Syndication is the distribution of informational or creative content from one broadcaster to another. Sometimes you may need a contract or license to reuse the content. This transfer is applicable for any means of communication.
Types of Syndication
A television production company generally produces its programmes under contract with a network, which retains only its broadcasting rights.
However, once that contract is fulfilled, the production company may sign syndication contracts. This allows other television networks to broadcast repeats of the episodes, in an attempt to get new revenue.
This has made possible the worldwide popularity of many television series originally made for a very specific market. There are also programmes made exclusively for syndication and not for a specific broadcaster.
These programs are sold to multiple stations, both nationally and worldwide. This may be lucrative if successful, but the distributor may only be able to sell the programme to a limited number of markets.
This type of syndication occurs when newspapers or magazines license articles, columns, comic strips and other content for publications such as newspapers, magazines and websites.
Until 1970, syndication played a major role in the distribution of comics. They were mainly found in the United States and Europe and resold the comic strips from comic strip studios such as Toonder Studios.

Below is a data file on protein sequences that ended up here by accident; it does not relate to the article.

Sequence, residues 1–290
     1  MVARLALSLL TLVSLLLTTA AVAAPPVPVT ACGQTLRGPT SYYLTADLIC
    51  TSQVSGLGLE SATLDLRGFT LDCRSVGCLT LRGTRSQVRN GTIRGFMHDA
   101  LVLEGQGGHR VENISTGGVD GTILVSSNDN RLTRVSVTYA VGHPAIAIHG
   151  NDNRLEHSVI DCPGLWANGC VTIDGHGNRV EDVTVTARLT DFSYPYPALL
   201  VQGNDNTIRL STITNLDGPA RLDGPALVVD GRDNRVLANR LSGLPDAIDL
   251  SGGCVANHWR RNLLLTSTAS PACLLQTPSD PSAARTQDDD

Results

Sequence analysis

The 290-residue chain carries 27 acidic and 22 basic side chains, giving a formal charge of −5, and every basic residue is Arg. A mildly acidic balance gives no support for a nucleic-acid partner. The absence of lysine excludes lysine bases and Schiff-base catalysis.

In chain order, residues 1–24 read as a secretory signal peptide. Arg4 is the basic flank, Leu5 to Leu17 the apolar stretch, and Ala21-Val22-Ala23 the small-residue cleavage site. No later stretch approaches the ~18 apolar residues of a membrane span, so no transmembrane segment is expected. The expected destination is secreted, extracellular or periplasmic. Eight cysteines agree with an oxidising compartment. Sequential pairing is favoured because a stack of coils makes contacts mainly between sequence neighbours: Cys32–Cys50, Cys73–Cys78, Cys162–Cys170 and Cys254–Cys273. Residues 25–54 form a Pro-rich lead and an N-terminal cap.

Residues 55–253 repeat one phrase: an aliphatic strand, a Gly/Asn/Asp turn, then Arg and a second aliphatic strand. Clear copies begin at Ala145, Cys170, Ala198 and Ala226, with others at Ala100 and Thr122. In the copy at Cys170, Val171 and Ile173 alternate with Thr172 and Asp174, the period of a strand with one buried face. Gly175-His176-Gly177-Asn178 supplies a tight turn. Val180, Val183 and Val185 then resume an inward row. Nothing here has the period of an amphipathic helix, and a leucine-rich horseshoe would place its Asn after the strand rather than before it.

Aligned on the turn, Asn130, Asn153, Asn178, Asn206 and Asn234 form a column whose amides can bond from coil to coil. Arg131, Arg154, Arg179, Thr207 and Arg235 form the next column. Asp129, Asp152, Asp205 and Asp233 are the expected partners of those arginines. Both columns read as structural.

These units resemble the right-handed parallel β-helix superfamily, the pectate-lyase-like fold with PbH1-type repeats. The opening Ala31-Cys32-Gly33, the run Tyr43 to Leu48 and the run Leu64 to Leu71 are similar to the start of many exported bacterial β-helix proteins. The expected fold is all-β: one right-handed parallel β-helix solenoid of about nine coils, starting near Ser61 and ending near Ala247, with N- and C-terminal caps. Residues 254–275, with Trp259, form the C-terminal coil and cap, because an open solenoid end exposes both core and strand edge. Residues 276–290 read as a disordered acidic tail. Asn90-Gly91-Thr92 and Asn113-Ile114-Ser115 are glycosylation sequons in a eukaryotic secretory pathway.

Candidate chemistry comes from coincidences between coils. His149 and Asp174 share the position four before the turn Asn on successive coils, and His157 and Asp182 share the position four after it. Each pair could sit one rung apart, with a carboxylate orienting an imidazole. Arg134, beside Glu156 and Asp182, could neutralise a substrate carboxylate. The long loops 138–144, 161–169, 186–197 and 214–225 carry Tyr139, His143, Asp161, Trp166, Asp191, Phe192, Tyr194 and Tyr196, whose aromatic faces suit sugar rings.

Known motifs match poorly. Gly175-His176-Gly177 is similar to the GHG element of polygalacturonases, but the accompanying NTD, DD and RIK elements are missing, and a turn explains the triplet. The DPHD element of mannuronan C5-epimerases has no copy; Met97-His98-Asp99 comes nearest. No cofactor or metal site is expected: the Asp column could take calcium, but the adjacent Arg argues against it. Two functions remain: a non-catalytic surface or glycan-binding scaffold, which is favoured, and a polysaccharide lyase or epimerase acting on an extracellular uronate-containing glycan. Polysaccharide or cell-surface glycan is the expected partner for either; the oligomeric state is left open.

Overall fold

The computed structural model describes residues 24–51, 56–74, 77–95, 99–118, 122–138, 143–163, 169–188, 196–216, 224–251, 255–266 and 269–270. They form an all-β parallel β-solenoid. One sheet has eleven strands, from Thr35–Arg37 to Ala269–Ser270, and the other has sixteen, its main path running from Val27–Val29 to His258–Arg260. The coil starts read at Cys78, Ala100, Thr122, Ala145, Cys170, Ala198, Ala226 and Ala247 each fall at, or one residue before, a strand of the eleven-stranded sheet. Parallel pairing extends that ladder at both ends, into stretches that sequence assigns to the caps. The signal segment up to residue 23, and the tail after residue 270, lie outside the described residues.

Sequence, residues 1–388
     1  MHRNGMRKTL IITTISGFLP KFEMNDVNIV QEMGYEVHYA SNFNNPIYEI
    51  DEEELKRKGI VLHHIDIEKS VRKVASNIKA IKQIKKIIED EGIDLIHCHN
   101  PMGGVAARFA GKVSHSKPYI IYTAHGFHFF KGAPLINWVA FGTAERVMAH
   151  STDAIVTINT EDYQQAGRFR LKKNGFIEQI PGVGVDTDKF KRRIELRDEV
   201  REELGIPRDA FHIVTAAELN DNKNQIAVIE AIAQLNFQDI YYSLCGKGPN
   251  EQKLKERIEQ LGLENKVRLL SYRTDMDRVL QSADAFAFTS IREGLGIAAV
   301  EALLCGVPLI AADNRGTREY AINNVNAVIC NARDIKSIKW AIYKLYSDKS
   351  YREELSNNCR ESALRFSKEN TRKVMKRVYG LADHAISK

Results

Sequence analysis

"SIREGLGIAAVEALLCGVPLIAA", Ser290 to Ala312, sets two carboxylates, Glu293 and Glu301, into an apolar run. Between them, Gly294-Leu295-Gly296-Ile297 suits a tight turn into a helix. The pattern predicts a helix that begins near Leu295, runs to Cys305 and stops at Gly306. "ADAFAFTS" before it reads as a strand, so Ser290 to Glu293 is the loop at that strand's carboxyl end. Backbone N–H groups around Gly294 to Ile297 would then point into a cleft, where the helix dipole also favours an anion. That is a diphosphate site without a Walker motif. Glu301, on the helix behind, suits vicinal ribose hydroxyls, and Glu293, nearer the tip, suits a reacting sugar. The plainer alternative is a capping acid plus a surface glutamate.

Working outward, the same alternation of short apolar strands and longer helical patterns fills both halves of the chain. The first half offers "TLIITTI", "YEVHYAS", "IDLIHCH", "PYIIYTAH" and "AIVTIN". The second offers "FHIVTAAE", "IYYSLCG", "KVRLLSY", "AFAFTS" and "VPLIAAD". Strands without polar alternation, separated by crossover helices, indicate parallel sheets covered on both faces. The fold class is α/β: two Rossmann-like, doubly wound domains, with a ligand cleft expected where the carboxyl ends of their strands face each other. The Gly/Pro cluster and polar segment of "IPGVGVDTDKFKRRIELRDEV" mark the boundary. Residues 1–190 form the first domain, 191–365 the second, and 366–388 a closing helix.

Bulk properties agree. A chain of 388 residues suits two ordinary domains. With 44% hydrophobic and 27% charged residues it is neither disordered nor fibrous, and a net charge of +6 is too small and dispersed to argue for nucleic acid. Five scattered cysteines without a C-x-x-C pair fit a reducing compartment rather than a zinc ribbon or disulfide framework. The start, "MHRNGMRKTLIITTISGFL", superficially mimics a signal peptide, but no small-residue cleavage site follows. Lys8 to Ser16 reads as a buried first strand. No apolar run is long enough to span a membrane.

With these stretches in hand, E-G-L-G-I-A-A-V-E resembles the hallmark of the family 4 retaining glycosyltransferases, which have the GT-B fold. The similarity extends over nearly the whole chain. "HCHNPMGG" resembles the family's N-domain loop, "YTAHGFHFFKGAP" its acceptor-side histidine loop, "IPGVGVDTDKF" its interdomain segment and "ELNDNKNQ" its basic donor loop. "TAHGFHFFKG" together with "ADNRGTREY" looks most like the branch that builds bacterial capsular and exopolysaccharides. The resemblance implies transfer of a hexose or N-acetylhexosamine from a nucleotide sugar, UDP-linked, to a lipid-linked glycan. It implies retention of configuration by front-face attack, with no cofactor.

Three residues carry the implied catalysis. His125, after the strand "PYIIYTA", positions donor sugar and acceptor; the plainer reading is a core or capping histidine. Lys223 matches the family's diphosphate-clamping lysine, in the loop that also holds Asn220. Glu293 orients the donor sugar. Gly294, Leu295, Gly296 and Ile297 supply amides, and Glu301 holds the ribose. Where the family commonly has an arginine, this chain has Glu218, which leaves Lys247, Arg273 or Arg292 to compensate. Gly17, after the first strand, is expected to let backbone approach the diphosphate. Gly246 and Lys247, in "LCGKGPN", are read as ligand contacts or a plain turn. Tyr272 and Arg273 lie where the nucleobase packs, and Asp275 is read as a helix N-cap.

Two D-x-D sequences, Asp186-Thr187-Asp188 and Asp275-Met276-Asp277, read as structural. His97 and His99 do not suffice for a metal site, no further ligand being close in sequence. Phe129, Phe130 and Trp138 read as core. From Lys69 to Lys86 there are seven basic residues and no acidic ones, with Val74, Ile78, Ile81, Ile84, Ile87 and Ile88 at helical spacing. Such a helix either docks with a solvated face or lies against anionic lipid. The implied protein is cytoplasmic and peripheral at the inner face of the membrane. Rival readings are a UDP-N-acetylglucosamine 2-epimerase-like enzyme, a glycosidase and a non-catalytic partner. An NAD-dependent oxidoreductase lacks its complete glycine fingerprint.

Around 1930 there were about 130 agencies worldwide, which sold about 1600 comic strips to about 13,700 newspapers. The best-selling comic through a syndication agency was Jim Davis' Garfield.
Well-known syndication agencies that sold comics are the American King Features Syndicate and the Dutch Swan Features Syndicate. After 1970, the importance of syndications in the distribution of comics declined.
Web syndication is the online form of making information available to a wide range of readers. Part of the content of a web page is made available to other sites or individual subscribers through web resources, also known as feeds, to provide other readers with a summary or update of content recently added to sites (for example, news content or forum posts).
The most common standard for this is RSS, followed by Atom. Computer programs that are compatible with one of these standards periodically consult a page of headlines that refer to the complete articles on the original website.
Unlike other means of communication, rights to syndicate web content are usually free of charge, without a contract between the parties, but may be licensed for rules of use.
Radio broadcasts generally operate in the same way as television broadcasts, but radio stations (usually an FM broadcaster) may obtain programming from large national networks, to which they are normally permanently connected by a prior contract.
The Value Of Web Syndication
Of course we all want our content to be read by as many people as possible. It can be useful, for example, to bring your article to the attention of a larger audience through 'content syndication'. By means of content syndication, your content will be reused on other websites and more internet users will see your article. This makes it available to other websites. This can ultimately lead to more visitors to your website.
Sharing your content
It's a good tactic to share your high quality content online on another website where your target audience is present. This way you reach more people who are interested in your field. Social media is a good example. Think of Facebook, Twitter, Pinterest and the like.
RSS is an internet language that makes it easy for others to read the information on your page. It is mainly used for pages that are often refreshed, such as news pages or weblogs.RSS is an application of internet metadata XML. So it can also happen that you see this abbreviation on a regular basis, instead of RSS.